<b>THE TOWN CENTER</b> "pit stop" is one of 15 such events scheduled in the metropolitan area. Last year, Reston became the first community in Fairfax County to participate in the event. "It's appropriate that Reston is once a again a 'pioneer,'" Ingebritsen said.

The location, near the junction of the W&OD Trail and the Fairfax County Parkway Trail, is served by Reston's neighborhood trail system.

All told, the neighborhood trail system measures more than 55 miles, said Larry Butler, director of the Reston Association's (RA) Park and Recreation Department. "Between our trails and the county's trails, users can get almost anywhere they want," Butler said.

While not as often as he would like, Butler does ride to work about twice a week. Butler's open-air commute totals seven miles and about 25 minutes, much of it along the Fairfax County Parkway trail and the W&OD. Butler is hoping events like these help convince drivers, including his fellow RA staffers, to exchange their steering wheel for a matching pair of handle bars. On more than one occasion, Butler has peddled past a colleague stuck in traffic along the parkway. "I think it is especially important for those people who live and work in Reston," he said. "They have fewer excuses."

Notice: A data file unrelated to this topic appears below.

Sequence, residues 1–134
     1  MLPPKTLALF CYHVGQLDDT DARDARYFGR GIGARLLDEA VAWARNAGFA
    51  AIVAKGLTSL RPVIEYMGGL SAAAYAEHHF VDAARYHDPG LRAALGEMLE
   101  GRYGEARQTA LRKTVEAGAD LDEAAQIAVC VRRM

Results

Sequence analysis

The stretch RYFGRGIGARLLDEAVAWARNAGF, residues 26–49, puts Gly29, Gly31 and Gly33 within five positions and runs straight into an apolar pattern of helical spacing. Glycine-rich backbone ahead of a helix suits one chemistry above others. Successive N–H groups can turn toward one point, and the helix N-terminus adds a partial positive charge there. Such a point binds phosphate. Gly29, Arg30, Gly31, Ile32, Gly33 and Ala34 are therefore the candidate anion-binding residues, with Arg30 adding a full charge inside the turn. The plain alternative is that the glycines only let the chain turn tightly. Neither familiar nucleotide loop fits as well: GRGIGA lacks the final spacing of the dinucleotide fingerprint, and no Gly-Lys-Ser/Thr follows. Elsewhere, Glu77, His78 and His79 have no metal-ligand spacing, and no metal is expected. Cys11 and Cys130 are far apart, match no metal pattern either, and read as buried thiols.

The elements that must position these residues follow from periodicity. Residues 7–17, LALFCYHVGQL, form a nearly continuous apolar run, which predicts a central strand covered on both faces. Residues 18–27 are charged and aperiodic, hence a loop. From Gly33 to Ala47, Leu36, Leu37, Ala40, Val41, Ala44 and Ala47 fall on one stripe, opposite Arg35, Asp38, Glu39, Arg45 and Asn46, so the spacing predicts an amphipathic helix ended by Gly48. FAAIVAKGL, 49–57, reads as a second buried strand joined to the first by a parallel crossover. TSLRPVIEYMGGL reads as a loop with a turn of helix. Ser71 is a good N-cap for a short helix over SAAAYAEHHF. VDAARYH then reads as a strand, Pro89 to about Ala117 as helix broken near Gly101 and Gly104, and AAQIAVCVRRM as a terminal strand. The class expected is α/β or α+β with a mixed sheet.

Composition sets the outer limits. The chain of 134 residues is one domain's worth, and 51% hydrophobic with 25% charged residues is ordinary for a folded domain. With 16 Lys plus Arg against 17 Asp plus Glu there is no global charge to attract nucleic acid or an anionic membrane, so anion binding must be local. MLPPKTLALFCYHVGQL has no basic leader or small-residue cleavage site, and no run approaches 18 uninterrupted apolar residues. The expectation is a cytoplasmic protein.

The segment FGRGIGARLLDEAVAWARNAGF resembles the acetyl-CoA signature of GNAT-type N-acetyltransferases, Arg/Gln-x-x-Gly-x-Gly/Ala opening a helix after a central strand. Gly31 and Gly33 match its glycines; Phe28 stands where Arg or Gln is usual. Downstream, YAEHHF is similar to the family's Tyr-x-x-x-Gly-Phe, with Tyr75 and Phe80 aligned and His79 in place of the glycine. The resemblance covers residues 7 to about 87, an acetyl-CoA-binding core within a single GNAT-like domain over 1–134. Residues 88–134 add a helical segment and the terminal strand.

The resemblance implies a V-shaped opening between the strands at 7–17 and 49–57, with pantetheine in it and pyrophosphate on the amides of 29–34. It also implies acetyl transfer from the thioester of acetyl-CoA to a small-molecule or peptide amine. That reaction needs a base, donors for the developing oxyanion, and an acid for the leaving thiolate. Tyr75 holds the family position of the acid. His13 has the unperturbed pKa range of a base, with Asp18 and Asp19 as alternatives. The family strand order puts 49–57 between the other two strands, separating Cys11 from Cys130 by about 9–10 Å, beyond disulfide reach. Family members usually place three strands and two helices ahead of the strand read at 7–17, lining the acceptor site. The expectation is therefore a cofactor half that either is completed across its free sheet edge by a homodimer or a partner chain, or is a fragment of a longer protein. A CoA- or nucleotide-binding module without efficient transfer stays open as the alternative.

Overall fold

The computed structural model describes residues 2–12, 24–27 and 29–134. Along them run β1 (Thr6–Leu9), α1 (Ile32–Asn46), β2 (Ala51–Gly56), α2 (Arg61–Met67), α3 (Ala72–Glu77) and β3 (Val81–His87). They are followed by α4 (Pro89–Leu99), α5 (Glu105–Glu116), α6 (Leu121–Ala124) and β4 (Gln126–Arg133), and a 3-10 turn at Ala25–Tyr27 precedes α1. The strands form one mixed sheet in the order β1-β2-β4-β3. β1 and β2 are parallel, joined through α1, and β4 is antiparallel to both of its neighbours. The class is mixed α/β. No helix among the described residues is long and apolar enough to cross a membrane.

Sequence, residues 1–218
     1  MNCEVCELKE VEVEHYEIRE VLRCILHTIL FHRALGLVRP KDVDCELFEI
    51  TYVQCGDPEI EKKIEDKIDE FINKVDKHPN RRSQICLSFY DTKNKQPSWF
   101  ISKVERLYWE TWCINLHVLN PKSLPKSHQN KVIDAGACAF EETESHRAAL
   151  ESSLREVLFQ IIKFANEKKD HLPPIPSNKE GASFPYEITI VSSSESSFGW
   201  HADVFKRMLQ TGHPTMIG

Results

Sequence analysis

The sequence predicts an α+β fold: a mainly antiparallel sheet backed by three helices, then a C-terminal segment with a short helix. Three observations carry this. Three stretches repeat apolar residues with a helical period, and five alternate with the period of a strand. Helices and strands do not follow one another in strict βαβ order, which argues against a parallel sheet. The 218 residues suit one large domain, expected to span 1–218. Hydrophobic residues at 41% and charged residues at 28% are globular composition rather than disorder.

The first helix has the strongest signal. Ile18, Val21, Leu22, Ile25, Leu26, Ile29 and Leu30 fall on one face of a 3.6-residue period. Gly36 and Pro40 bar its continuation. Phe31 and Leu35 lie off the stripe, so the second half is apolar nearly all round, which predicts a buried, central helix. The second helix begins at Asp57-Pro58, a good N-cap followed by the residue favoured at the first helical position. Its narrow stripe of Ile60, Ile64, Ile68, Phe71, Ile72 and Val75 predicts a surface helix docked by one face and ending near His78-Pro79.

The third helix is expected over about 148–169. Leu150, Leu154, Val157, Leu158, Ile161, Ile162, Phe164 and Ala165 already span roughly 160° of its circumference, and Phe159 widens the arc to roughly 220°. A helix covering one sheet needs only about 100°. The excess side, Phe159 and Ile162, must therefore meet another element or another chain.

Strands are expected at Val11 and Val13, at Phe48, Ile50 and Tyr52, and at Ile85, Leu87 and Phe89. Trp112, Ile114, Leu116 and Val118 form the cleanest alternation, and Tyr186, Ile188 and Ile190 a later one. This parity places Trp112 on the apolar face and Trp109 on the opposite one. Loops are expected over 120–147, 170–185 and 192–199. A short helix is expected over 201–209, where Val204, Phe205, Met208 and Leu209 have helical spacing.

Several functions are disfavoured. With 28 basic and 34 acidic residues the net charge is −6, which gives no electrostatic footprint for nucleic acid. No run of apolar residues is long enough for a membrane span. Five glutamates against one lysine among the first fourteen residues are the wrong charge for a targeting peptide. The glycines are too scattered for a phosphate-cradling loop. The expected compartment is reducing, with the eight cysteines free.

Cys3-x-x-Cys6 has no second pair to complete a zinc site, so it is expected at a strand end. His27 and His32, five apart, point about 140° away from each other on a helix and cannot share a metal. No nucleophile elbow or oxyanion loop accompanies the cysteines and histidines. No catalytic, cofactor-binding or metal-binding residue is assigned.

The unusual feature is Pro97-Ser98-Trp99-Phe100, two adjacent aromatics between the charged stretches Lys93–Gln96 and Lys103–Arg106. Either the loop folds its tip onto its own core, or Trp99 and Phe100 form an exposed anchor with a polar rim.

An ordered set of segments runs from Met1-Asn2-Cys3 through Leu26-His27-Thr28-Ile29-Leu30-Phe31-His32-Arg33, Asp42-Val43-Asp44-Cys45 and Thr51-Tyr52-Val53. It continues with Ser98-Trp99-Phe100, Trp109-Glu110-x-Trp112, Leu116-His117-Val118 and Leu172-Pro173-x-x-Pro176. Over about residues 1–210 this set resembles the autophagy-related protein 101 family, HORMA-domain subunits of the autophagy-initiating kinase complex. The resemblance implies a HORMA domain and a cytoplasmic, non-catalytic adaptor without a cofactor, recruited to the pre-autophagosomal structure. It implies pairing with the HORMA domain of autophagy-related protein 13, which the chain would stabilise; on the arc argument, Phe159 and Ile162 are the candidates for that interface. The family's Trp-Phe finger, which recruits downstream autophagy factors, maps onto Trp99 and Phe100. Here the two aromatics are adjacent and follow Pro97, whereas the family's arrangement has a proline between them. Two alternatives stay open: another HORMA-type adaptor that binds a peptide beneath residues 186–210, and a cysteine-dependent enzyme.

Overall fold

<b>WRIGHT MOVED</b> to Reston in 1979 and the 53-year-old has been riding ever since. "We both have cars," he said, "but we probably have put more miles on our bikes, I think."

Hitt, 48, who met Wright when they both worked for the USGS, said they ride as often as possible. "We really try to incorporate it into our everyday lives," she said. "I'll go to the store with my bike and Bruce might ride down to the post office on his."

But Wright and Hitt aren't alone in their exhaust-free commute. Lee DeCola, a co-worker of Hitt's at the USGS, likes to make the 20-minute cycling trip a regular part of his daily commute. The scientist says he likes the "quiet few minutes" riding his bike along the W&OD Trail and Sunset Hills Road offers him each morning and evening.